Helix Takes Clinical Genetic Testing Straight to Consumers

During a recent Uber ride, Madhuri Hegde’s driver asked her what she did for a living. The chief scientific officer for laboratory services at PerkinElmer, she prepared to bore him with a description of the tests her company had developed—most recently to flag serious genetic disorders. Instead, he was intrigued. “Where can I get one of those?” he asked.

For years, PerkinElmer has only offered that clinical test to doctors. It screens for all 59 genes that researchers are sure play a role in one of 34 conditions you can treat if you catch it early enough. Genes like PKP2, mutations in which can increase the risk of arrhythmogenic right ventricular cardiomyopathy, a leading cause of sudden heart failure in young people. Or ATP7B, which can point to Wilson disease, where copper accumulates dangerously in the liver. Usually physicians only prescribe the test when they think their patients might be at risk for one of those conditions. But soon, anyone curious about their health—Hegde’s Uber driver included—will be able to request it.

PerkinElmer announced Tuesday it will start selling its test this summer through the consumer genomics marketplace Helix, a spin-out of sequencing giant Illumina. Helix launched its platform last July, with 18 products meant to inspire customers to embark on a journey of discovery through DNA. Some boasted dubious science; some were just silly. Only one of them had a hardcore health bent—a test to see if hopeful parents carried any disruptive genes they could pass on to their kids.

Since then, though, Helix has built a number of partnerships to offer more medically relevant insights, PerkinElmer being one. Helix says it's just responding to demand; patients are into democratizing access to clinical tests. But as more people turn to their DNA to make decisions about their health, medical professionals who help make those decisions wisely worry about their ability to keep up.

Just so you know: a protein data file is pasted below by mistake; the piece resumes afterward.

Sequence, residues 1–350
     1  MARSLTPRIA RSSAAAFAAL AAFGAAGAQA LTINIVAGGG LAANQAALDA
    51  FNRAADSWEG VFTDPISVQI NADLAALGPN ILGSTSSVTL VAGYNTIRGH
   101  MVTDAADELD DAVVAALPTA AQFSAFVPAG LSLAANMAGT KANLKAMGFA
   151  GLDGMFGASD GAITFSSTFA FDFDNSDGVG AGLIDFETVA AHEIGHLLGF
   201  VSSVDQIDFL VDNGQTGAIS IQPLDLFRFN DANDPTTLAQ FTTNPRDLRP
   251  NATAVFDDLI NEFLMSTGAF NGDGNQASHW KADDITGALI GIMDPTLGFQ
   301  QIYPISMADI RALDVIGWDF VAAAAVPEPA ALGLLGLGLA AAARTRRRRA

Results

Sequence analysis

“You may think DNA is DNA regardless of what you’re looking for, but context really matters here,” says Ana Morales, a certified genetic counselor at the Ohio State University Medical Center and president-elect of the American Board of Genetic Counseling. Normally, a doctor would order a test like PerkinElmer’s when a patient starts presenting symptoms, like an abnormal heart rhythm. Maybe they even have a brother or sister with similar complaints. Algorithms and experts would then comb through the patient’s DNA looking for places in their genome where specific mutations—called variants—might appear. All mutations aren’t created equal; they’re only looking for ones that geneticists have validated as playing a role in certain diseases. How big a role changes from variant to variant, and from patient to patient. Without symptoms, matching becomes a guessing game.

“We’re now moving away from interpreting a variant in someone who has a disease to someone who doesn’t,” says Morales. “That is possible, but the level of expertise required to do that is limited to within a few experts in the genetic community. There’s only a very select group of people in the US right now who would feel comfortable doing that on a routine basis.”

That’s one reason a doctor might not tell all their patients about the availability of tests like this one. The other is cost. Sequencing plus analysis can run into the thousands of dollars, which insurers won’t reimburse if the test-taker is healthy. Right now insurance companies are only required to cover such screens under certain criteria—like if a woman has a family history of breast cancer. Responsible physicians are reluctant to put their patients or their institutions on the hook for that bill.